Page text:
Edgars Rozentals, CEO and founder of Helico Aerospace Industries, is convinced that the latest design based on long-range BlueTooth technology is a winner. In June a Kickstarter campaign was launched with the goal of raising $200,000. Four weeks into the campaign and it already looks like the project will raise in excess of $1M. This investment will go into future improvements including an obstacle avoidance solution to avoid walls and trees.

Latvian Song and Dance Festival Draws Enthusiastic Crowds to Hamilton

“Tie kas dzied un dejo ir vienmēr jauki, humora pilni!” (“Those who sing and dance are always jolly, always full of humor!”) These are the words of Olita Lagzdiņa, describing why she was excited to bring her two children’s folk-dancing troupes, Sienāzīši and Varavīksne, all the way from Longford, Ireland, to this year’s Latvian Song and Dance Festival (Dziesmu Svētki) in Hamilton, Canada. If Lagzdiņa is right, then Hamilton may have been the world’s happiest city this past weekend, as approximately 500 dancers, 400 singers, numerous musicians, actors, tradesmen, and spectators poured into the city. In total, roughly 3,000 people from at least six countries on two continents gathered to celebrate Latvian song and dance, and meet friends old and new. From the very first step of the performers’ parade in Sidrabene’s Vasaras Vainagu Svētki (Folklore and Family Day) at 11 o’clock Tuesday morning to the very last strike of the piano keys during the unofficial post-farewell-dance sing-along at 4 o’clock Monday morning, this was truly an event to remember.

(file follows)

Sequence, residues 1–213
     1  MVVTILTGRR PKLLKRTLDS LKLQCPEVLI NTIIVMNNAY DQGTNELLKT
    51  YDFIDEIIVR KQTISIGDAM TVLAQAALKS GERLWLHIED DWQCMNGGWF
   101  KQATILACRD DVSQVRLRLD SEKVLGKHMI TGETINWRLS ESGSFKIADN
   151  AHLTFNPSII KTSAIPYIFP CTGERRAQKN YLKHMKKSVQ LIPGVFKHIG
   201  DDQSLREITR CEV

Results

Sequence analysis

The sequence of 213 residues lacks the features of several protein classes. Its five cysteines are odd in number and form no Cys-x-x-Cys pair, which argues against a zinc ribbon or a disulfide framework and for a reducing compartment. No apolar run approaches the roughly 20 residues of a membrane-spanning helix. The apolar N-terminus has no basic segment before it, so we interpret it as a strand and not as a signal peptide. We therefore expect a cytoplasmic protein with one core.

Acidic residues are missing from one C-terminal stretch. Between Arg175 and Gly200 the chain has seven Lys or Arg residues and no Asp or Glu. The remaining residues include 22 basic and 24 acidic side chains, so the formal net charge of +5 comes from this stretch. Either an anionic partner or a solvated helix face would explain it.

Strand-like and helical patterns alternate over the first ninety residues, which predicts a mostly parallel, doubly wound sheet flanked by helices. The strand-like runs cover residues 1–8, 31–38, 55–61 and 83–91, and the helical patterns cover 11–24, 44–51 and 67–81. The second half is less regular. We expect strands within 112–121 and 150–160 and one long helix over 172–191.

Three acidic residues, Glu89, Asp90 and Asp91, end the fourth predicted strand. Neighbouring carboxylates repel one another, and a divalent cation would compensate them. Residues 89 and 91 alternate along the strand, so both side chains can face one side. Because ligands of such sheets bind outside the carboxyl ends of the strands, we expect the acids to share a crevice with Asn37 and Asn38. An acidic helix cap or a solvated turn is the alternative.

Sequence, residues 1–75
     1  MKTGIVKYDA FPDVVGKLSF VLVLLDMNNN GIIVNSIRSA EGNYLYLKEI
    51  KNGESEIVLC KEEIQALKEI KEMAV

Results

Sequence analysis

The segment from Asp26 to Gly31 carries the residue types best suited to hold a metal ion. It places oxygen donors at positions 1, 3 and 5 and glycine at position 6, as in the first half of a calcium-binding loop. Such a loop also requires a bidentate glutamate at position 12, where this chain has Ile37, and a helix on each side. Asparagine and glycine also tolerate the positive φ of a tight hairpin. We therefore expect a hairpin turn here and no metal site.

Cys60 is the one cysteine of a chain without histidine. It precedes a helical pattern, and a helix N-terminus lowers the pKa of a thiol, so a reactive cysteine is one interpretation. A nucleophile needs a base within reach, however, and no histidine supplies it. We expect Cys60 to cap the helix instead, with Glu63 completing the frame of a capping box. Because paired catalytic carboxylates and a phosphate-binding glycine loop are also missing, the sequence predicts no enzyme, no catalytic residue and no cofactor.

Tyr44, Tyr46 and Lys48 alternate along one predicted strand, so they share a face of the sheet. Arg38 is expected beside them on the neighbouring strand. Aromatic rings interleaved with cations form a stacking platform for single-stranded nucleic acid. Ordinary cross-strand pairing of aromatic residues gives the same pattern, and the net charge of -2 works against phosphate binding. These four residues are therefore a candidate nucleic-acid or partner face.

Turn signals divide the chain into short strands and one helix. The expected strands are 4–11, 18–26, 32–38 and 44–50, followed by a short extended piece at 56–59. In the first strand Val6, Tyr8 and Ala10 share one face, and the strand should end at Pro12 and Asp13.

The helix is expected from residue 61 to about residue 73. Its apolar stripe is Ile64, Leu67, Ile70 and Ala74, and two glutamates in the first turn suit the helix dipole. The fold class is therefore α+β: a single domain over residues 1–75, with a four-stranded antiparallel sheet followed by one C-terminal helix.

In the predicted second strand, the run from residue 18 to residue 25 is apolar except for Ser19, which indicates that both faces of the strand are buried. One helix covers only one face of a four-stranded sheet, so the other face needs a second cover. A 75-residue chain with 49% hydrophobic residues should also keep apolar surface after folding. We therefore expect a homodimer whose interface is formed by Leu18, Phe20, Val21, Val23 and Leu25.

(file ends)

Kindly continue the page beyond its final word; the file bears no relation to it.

By all accounts, the festival was a tremendous success. But how, exactly, does one define a successful Latvian Song and Dance Festival? According to Juris Ķeniņš, who serves as the chair of the board for the Latvian Song and Dance Festival Association of Canada and was also this particular festival’s vice president and music committee leader, a festival organizing committee has four primary responsibilities.

The first is to ensure that the festival meets a certain artistic standard, with quality performances and events worth attending. This year the festival hosted about 40 separate events of stunning variety. From folk dance lessons with Latvian band Folkvakars to the Concert of Latvian Chamber Music and Opera, from the theatrical production of Rūdolfs Blaumanis’ classic comedy “Skroderdienas Silmačos” (“Wedding at Silmači”) to the Massed Choir Concert, from children’s arts-and-crafts activities to a rock concert at Club Absinth with band Penzionāri, this Song Festival had something for everyone.